MARINE CORPS BASE CAMP PENDLETON, Calif. (June 4, 2012) Petty Officers 1st Class Gomecindo Rodriguez, left, and Luke Rohrer carry a wreath to be placed at the Naval Hospital Camp Pendleton flag pole while taps is played during the hospital’s 70th anniversary commemoration of the Battle of Midway. (U.S. Navy photo by Mass Communication Specialist 1st Class Michael R. McCormick/Released)

HELMAND PROVINCE, Afghanistan (June 4, 2012) Seabees assigned to Naval Mobile Construction Battalion (NMCB) 11 commemorate the Battle of Midway on its 70th anniversary and bow their heads in reverence as Lt. j.g. Brian E. Myers, from New London, Ohio, says a prayer in honor of those Sailors who fought in the Battle of Midway. The battle, which took place June 4-7 in 1942, is regarded as a critical turning point in the Pacific during World War II. Homeported in Gulfport, Miss., NMCB-11, homeported in Gulfport, Miss., is deployed to Afghanistan to conduct general, mobility, survivability engineering operations, defensive operations, Afghan National Army partnering and detachment of units in combined and joint operations area, Afghanistan. (U.S. Navy photo by Mass Communication Specialist 1st Class Jonathan Carmichael/Released)

PEARL HARBOR (June 4, 2012) Army Sgt. (ret.) Allen Bodenlos, a Pearl Harbor survivor, salutes the Arizona memorial during a wreath laying ceremony at Joint Base Pearl Harbor-Hickam. The ceremony was held to commemorate the 70th anniversary of the Battle of Midway. (U.S. Navy photo by Mass Communication Specialist 3rd Class Dustin W. Sisco/Released)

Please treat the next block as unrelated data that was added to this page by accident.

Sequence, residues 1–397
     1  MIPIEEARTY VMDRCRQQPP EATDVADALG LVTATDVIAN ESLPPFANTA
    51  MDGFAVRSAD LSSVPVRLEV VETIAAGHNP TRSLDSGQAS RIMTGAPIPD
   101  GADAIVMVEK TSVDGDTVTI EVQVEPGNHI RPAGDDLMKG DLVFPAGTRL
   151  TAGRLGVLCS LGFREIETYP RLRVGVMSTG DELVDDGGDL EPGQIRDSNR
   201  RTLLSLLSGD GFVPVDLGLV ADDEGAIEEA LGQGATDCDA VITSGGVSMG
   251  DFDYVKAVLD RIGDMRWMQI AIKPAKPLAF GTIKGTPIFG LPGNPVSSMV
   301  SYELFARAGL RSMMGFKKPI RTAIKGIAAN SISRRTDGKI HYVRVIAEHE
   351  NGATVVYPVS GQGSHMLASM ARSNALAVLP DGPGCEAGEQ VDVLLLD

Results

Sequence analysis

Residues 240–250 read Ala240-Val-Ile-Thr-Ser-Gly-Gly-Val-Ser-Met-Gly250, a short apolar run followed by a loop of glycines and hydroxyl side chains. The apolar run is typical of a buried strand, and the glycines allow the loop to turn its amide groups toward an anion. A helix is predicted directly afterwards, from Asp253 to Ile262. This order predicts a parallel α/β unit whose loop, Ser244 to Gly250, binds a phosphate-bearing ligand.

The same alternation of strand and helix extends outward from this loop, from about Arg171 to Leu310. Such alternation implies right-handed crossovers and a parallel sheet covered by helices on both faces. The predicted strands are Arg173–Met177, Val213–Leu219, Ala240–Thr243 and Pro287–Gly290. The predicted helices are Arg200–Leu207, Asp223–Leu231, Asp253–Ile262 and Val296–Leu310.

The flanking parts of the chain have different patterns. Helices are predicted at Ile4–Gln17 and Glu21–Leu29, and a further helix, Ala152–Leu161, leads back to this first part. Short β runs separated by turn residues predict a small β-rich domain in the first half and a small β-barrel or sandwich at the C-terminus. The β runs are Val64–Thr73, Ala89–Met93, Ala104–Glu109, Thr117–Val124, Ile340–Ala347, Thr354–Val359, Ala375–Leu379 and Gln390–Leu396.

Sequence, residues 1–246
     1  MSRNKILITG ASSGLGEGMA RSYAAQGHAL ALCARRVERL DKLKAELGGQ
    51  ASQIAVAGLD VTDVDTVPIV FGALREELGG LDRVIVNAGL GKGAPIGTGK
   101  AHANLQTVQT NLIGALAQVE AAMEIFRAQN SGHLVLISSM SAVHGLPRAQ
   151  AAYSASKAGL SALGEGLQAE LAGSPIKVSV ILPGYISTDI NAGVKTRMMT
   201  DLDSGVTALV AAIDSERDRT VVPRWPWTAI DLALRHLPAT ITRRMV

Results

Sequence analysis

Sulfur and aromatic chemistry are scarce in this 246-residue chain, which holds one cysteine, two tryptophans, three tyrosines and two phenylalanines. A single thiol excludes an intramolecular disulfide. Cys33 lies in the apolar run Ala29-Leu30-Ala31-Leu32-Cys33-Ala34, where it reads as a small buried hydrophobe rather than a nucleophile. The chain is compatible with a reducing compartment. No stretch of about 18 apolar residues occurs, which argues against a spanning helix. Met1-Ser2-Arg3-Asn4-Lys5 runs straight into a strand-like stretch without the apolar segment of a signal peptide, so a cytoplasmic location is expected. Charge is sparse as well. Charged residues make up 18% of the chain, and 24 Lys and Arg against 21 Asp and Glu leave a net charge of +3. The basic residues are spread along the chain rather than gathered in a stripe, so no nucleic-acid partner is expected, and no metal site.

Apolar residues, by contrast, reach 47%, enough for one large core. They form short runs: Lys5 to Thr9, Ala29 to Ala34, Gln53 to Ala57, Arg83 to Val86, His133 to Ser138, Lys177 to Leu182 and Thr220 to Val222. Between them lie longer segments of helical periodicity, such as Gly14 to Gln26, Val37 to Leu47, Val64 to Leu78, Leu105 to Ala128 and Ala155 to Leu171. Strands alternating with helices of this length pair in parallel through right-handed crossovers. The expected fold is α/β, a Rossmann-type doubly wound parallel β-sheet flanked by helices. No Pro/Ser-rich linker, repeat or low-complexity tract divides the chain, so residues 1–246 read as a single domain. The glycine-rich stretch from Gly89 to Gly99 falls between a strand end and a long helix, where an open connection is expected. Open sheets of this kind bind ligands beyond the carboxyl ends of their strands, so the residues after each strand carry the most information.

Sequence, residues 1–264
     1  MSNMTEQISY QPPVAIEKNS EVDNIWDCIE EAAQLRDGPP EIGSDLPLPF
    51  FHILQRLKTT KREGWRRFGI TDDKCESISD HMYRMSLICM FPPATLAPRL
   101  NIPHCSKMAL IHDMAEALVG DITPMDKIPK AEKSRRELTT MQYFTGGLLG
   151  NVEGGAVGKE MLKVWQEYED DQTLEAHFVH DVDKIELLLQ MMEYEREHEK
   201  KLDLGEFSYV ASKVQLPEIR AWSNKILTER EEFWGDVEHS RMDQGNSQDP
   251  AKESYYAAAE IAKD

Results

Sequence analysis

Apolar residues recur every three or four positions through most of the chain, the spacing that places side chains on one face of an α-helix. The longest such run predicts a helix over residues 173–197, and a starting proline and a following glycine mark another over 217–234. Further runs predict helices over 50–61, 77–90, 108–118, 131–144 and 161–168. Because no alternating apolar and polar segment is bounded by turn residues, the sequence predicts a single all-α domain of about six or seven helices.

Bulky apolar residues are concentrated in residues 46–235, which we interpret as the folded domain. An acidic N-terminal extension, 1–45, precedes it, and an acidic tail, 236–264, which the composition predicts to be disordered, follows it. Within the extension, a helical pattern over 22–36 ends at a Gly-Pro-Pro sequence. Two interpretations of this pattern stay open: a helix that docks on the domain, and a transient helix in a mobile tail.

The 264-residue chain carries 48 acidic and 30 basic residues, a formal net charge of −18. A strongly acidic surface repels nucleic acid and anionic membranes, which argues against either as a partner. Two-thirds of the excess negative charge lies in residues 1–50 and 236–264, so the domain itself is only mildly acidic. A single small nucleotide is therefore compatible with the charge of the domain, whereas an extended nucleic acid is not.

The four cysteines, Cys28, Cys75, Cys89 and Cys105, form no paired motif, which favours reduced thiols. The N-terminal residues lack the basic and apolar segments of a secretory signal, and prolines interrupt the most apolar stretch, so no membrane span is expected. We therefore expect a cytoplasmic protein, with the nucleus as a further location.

MIDWAY ATOLL (June 4, 2012) An albatross crosses the Battle of Midway National Monument at the Midway Atoll National Wildlife Refuge. More than 100 people, including American World War II veterans, arrived to attend a ceremony commemorating the 70th anniversary of the Battle of Midway. The Battle of Midway, fought over and near the Midway atoll, approximately 1,500 nautical miles northwest of Hawaii, represents the strategic high water mark and turning point of the Pacific war. (U.S. Navy Photo by Mass Communication Specialist 2nd Class Daniel Barker/Released)

MIDWAY ATOLL (June 4, 2012) American World War II veterans at the Battle of Midway National Memorial are honored during a ceremony commemorating the 70th anniversary of the Battle of Midway. The Battle of Midway, fought over and near the Midway atoll, approximately 1,500 nautical miles northwest of Hawaii, represents the strategic high water mark and turning point of the Pacific war. (U.S. Navy Photo by Mass Communication Specialist 2nd Class Tiarra Fulgham/Released)